The Women Writers Of 'Younger' Reveal What They're Reading Behind-The-Scenes Of The Show
If you've seen an episode of TV Land's Younger, you already know the deal: an almost-middle-aged woman, Liza (Sutton Foster), pretends to be in a 20-something in order to secure a job at Empirical Press with editor Kelsey (Hillary Duff), head of marketing Diana Trout (Miriam Shor), and publisher Charles Brooks (Peter Hermann). She also gets romantically involved with her boss and a much-younger tattoo artist (poet/actor/dreamboat Nico Tortorella), and basically re-lives her entire youth in spectacular fashion — except that she's divorced and has a daughter and an entire secret life she's hiding from basically everyone. It's a whole mess that leads to a lot of drama and shenanigans (and, in the process, makes an important point about a woman's "worth" in the workplace past a certain age.)
A TV sitcom set in a publishing company is basically a dream-come-true for book-lovers, and Younger has consistently lived up to its promise that it's a show for avid readers. Authors play a prominent role in the story, one of the books published by the fake Empirical Press was published IRL by the very real Simon & Schuster, and, as it turns out, the people behind the scenes of the show are big readers, too.
I wanted to know what the writers of the show are actually reading, so I asked Younger's EP and writer Dottie Zicklin and co-EP and writer Alison Brown for their summer book recommendations. Here's what they said:
Alison Brown recommends 'Brain On Fire' by Susannah Cahalan
"[Brain On Fire by Susannah Cahalan] is a scary, well-written account of how illness can completely alter your reality," Brown tells Bustle. "If you love a medical mystery, which I do, this is a fantastic read."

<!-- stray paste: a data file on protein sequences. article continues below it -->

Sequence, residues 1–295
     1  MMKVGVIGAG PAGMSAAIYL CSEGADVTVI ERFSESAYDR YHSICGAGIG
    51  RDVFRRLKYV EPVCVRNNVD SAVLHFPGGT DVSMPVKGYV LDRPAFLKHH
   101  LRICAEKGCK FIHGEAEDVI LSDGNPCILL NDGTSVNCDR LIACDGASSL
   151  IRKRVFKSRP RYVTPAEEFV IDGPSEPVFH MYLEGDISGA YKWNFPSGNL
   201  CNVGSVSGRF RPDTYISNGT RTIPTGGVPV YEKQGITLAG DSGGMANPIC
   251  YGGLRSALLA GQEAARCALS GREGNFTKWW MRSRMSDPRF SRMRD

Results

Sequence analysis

Dottie Zicklin recommends 'Barbarian Days: A Surfing Life' by William Finnegan and 'All Of It Is You' by Nico Tortorella
"This summer I’m finally reading Pulitzer Prize winning Barbarian Days: A Surfing Life by William Finnegan," Zicklin tells Bustle. "Finnegan describes surfing as the 'true north of irresponsibility' and writing, at least professionally with deadlines, is its polar opposite. Maybe this ballast is what allows Finnegan to create a memoir that’s thrilling and swashbuckling while delicately plumbing themes like impermanence, loss, and the fundamental sadness of the passage of time. Finnegan takes you from his youth in the 1960’s in Hawaii and California through life-threatening adventures in Fiji, apartheid South Africa, Portugal, finally landing in Manhattan where he staffs for the New Yorker, surfs icy winter waves, and forays to report from war zones like El Salvador and Sudan. Even if you don’t think you care about surfing, you will after reading this. It’s the pulse of a spectacularly interesting life.
She adds: "If you like poetry, you need to check out Nico Tortorella’s All of It Is You. I dip into it again and again, emerging refreshed and nourished."